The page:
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A little hardball can be a good thing

Friday, Mar 2, 2012

* I think Gov. Quinn probably made the right move here

Gov. Pat Quinn on Thursday drew a hard line on negotiations with hospitals about how much free care they must provide to qualify for tax breaks, a contentious issue that has the state’s nonprofit hospitals on edge.

After talks between hospital and Illinois officials reached an impasse Wednesday, the governor lifted a moratorium on the state’s review of property tax exemptions sought by nonprofit hospitals for providing charity care.

The move clears the way for the Department of Revenue to resume conducting reviews on pending applications filed by as many as 18 nonprofit hospitals seeking property tax exemptions, a process Quinn halted in October after hospital groups complained that the process was flawed.

The governor’s decision comes after a group of hospitals and government administrators failed by his March 1 deadline to come to terms on new rules that determine how the state weighs whether nonprofit hospitals should pay property taxes.

I don’t think the hospitals anticipated that Quinn would lift the moratorium. Instead, there seemed to be a feeling that the talks would continue while legislation started to move through the system. The hospitals lined up Senate Majority Leader James Clayborne to sponsor their own proposal as the clocked ticked down on the negotiations deadline. But that move didn’t really intimidate anyone because Clayborne isn’t as powerful as some casual observers think. From the Illinois Hospital Association’s press release…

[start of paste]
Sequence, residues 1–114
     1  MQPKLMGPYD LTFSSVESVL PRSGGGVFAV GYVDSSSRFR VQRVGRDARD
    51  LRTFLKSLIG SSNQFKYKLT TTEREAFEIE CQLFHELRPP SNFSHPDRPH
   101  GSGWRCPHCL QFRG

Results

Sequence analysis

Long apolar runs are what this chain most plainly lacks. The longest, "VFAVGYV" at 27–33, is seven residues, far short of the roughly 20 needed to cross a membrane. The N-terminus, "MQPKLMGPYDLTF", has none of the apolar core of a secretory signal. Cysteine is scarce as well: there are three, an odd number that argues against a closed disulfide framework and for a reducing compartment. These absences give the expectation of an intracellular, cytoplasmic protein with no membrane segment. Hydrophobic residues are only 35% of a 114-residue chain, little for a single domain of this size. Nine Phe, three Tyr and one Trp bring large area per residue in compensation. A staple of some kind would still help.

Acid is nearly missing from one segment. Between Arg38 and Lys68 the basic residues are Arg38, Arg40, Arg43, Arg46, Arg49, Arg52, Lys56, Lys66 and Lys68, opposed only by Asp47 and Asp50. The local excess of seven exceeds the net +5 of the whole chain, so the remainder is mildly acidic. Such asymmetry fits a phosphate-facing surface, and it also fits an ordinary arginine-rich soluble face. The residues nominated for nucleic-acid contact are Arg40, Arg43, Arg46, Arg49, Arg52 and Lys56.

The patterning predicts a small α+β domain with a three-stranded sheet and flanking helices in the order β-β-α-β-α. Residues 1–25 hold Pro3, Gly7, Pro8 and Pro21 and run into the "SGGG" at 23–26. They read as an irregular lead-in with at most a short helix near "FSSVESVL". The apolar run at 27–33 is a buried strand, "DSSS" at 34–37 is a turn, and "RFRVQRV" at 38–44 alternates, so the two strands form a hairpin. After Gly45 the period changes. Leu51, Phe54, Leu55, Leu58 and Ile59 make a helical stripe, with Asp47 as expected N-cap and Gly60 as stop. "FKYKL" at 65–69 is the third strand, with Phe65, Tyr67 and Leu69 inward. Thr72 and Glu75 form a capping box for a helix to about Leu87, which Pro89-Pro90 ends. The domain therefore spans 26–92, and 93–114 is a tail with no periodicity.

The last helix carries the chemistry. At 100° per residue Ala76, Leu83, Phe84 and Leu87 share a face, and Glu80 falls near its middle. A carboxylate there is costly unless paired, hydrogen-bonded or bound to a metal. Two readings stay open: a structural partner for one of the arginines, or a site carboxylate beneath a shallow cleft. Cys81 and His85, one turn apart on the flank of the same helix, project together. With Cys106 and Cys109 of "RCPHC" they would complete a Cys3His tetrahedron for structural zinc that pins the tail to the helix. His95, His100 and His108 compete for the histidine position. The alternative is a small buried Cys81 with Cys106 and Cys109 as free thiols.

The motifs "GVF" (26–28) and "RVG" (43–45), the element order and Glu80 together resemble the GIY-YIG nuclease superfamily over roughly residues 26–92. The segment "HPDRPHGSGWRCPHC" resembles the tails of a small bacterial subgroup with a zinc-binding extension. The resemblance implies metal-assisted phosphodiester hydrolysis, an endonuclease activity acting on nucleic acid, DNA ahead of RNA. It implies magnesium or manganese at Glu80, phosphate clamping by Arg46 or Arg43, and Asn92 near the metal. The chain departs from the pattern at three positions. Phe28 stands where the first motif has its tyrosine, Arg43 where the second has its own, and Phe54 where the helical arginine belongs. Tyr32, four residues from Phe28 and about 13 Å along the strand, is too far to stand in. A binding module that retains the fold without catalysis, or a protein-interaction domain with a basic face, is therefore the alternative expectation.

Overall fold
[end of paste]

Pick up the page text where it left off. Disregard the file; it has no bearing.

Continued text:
(W)e are extremely concerned that the Department of Revenue has been instructed to resume its decision-making process on hospital property tax-exemptions. The issuance of further rulings would be a distraction from the work that needs to be accomplished in developing a legislative solution over the next three months of the General Assembly’s spring session.